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No longer are banks robbed by armed bandits brandishing Smith & Wesson Schofields and cloth masks...
The new "Wild West" can be found right here, on your computer, mobile device, or wherever hackers can wield the Internet.
And just last month, Bangladesh's central bank -- and the Federal Reserve Bank of New York -- became two prominent victims of highway robbery.
You see, the N.Y. Fed - hacked by cyber-criminals on Feb. 5 -- had $101 million in Bangladesh Bank funds stolen from it by alleged Chinese hackers.
The stolen money was transferred to accounts in Sri Lanka and the Philippines. About $20 million sent to Sri Lanka has reportedly been recovered, but $81 million remains missing. Some of that money is thought to have been funneled through casinos, reported The Wall Street Journal on Tuesday.
"The Fed had the responsibility to keep the money safe," Shamim Ahamad, press minister at the Bangladesh Embassy in Washington, told VICE News on March 9. "We are suspecting that Chinese hackers have done it."
But there's a problem with Bangladeshi officials wagging their fingers at the Fed.
You see, this security breach happened well over a month ago. The Bangladesh central bank knew about it, but kept its mouth shut...
The N.Y. Fed Didn't Know Fridays Were Holidays
The day the heist took place, Feb. 5, was a Friday. The hackers had all the correct bank codes to move the money around when the first transaction went through. These codes followed precise protocol. They were even authenticated by the SWIFT code system, which is used for international transactions, reported Bloomberg Business on Monday.
So the N.Y. Fed allowed the transactions go through.
However, Fridays are the official start of the weekend in Bangladesh. The central bank's offices were closed.
The N.Y. Fed did not account for the closure, and by the time officials at Bangladesh Bank returned to work on Monday, Feb. 7, the requests moving the $100 million had gone through.
On Tuesday, Bangladeshi Finance Minister Abul Maal Abdul Muhith said he would file a lawsuit against the Fed in an international court to recoup the lost money.
It could have been worse. The hackers had attempted to withdraw $850 million more, reported Bloomberg Business. It's not known when this massive request was made - just that it was made after the Feb. 5 transaction.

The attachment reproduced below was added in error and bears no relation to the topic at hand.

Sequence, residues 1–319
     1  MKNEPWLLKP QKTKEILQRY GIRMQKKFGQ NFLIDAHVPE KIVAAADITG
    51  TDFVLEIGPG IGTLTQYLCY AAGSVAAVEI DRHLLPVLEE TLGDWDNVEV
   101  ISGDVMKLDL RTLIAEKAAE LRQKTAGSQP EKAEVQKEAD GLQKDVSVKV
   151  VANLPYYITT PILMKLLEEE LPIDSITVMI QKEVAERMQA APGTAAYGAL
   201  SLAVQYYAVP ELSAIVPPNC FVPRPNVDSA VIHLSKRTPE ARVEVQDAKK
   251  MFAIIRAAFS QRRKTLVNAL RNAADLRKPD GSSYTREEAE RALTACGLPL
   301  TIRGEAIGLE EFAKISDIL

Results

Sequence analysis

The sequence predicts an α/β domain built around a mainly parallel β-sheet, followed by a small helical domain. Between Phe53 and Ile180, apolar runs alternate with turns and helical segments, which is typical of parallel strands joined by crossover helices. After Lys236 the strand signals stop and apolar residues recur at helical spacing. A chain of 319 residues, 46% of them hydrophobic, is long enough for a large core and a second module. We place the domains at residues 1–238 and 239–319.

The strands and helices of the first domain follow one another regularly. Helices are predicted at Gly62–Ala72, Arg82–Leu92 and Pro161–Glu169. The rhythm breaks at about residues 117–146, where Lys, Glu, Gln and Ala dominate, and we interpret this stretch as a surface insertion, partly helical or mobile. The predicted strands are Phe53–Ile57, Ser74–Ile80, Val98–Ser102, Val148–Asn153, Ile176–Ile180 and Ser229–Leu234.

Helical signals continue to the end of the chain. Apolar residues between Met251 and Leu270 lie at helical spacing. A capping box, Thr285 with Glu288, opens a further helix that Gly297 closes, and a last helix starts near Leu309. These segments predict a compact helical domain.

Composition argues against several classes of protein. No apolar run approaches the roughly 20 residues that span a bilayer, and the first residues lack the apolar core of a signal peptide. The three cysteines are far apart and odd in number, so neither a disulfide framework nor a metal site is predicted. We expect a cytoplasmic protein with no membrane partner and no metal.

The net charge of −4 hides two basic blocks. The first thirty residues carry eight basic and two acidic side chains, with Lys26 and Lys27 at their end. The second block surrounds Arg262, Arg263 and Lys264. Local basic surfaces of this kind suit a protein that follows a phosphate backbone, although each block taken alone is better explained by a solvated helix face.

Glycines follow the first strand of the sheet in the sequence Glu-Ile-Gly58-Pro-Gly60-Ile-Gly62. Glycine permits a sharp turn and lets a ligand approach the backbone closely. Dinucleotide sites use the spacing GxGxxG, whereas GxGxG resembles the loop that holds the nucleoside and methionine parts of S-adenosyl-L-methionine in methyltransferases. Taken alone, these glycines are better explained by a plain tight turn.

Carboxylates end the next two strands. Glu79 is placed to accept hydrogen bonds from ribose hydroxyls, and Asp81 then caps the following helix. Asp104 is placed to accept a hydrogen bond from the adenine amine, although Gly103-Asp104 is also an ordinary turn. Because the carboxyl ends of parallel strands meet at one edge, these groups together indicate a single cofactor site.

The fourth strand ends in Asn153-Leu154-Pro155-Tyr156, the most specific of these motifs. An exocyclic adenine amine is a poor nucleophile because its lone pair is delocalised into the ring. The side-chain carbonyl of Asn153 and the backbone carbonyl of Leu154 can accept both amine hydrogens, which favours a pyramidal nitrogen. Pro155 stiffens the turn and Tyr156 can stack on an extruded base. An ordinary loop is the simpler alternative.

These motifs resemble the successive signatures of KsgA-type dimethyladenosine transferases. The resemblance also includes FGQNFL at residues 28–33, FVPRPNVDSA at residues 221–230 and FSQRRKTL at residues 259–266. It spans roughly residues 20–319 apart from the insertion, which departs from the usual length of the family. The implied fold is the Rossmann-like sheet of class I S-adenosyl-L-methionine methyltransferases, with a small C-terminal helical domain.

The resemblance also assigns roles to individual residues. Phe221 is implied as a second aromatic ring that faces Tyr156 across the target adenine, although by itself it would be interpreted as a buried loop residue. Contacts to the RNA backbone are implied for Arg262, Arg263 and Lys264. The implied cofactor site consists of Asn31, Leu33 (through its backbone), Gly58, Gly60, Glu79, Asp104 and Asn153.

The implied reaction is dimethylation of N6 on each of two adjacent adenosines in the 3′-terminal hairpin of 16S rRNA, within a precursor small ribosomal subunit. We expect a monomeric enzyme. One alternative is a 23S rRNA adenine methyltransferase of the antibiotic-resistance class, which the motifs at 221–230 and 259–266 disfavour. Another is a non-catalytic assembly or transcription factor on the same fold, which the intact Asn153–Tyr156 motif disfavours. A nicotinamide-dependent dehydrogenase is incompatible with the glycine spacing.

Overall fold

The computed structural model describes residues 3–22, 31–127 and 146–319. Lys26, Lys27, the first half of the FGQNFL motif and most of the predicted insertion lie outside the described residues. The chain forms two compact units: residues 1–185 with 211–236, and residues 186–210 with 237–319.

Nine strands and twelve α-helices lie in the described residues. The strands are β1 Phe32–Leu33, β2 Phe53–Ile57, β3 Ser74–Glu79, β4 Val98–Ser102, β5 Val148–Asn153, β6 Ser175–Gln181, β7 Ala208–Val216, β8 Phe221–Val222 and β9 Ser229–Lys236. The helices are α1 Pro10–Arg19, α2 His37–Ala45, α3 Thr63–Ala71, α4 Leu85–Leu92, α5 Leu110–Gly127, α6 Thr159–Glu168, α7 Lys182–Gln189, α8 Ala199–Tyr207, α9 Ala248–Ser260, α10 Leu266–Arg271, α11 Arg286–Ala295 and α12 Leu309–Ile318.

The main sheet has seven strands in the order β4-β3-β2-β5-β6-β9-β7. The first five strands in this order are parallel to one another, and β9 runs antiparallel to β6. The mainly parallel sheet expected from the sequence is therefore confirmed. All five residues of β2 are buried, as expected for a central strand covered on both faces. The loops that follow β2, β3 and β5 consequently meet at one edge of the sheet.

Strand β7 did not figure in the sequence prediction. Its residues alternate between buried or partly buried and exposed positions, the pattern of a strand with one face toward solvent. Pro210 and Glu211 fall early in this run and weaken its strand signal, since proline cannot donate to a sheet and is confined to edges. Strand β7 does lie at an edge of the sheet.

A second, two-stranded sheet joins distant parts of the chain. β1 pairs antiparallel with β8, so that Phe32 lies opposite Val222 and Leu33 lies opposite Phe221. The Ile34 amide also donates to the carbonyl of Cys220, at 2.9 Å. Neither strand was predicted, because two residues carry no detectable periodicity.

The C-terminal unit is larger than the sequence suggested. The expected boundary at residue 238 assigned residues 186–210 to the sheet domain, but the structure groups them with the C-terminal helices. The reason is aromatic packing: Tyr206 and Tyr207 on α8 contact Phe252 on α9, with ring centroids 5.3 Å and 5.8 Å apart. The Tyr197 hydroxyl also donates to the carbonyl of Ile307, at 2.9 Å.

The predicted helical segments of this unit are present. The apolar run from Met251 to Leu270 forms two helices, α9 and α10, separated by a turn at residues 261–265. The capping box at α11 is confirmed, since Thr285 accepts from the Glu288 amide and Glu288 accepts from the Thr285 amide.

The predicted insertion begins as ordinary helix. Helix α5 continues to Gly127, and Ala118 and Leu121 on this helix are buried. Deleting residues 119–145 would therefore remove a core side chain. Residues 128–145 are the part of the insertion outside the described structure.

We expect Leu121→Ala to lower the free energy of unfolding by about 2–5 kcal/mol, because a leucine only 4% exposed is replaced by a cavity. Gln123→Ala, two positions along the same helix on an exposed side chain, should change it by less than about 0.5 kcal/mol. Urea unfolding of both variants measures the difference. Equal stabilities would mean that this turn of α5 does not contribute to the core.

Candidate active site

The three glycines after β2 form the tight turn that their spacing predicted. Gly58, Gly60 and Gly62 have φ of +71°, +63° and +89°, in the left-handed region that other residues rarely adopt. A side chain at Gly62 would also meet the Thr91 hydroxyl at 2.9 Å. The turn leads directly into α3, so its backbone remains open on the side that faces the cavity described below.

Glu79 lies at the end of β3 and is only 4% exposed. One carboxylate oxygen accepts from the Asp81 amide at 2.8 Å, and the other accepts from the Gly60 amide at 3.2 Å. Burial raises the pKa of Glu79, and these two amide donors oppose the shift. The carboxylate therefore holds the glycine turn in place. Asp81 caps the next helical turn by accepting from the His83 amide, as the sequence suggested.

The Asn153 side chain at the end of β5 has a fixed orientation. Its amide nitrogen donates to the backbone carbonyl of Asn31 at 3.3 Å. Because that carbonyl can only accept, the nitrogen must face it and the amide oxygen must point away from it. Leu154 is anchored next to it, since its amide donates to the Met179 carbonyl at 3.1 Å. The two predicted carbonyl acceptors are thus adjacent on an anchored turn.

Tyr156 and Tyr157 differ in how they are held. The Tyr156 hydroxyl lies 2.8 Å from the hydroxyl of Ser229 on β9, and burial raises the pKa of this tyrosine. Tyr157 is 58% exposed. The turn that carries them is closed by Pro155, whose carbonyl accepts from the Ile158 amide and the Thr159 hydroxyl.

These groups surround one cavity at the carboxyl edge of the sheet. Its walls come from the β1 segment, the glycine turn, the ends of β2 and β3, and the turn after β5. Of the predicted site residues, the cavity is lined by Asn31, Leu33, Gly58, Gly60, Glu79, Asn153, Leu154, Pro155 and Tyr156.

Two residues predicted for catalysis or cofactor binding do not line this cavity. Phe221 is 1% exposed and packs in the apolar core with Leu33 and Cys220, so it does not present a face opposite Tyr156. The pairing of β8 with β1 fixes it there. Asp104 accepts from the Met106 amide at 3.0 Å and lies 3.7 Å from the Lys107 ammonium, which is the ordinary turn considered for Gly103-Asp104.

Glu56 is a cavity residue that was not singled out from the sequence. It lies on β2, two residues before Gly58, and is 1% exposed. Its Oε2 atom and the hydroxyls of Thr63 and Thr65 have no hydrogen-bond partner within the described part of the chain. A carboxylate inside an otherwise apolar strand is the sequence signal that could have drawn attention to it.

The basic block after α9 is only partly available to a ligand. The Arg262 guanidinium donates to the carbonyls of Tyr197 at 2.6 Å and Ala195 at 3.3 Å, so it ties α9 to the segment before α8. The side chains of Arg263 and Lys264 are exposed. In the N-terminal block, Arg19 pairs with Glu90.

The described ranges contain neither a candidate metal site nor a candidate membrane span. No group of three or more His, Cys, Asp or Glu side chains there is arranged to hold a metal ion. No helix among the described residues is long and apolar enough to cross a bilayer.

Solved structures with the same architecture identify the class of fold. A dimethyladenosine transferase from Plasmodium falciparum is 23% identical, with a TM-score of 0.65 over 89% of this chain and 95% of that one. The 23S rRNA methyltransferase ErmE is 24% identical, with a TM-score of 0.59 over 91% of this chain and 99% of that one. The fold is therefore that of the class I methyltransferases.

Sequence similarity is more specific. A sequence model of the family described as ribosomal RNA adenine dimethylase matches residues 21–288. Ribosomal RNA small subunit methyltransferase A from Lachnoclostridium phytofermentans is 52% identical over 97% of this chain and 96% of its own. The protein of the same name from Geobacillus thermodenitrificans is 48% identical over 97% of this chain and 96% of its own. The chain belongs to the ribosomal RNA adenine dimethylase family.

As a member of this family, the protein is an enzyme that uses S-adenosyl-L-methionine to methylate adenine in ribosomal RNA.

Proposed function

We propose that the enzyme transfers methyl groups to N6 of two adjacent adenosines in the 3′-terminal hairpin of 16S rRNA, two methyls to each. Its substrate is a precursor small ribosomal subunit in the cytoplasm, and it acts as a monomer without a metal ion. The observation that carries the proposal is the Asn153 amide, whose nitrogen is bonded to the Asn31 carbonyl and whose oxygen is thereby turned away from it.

This particular request, however, was blocked after the Fed raised a money-laundering alert because one of the cyber-criminals had misspelled a name.
"Relying on poor spelling should not be a security policy," Andrey Dulkin, a senior director at CyberArk, a Jerusalem-based cybersecurity company, told Bloomberg Business. "If the Bangladesh Bank had been monitoring the activity of these accounts, it could've quickly identified the anomalous behavior and not have been completely reliant" on outside parties to raise the alert.
But there's a twist to this tale that arguably shifts blame back on Bangladesh...
You see, the Bangladesh Bank knew about the missing money the day it reopened on Monday, Feb. 7. It didn't make a public announcement, however, until last Monday, March 7 - a full month after the hacking occurred.
Because of this, Bangladesh's central bank governor, Atiur Rahman, resigned yesterday.
A Market Crash as Bad as 2008: Governments were desperate for answers back in 2008 when the world's financial system was on the brink of a total meltdown. So they did what they do best - they threw money at it. That saved the day back then, but created a bigger, more insidious problem that is very close to again undermining the global markets. The fuse on this economic dynamite is very close to the ignition point...
- VICE News: Bangladesh's Central Bank Accuses N.Y. Federal Reserve of Losing $100 Million
- Bloomberg Business: Don't Blame the Fed: Bangladesh Seen at Fault for Bank Heist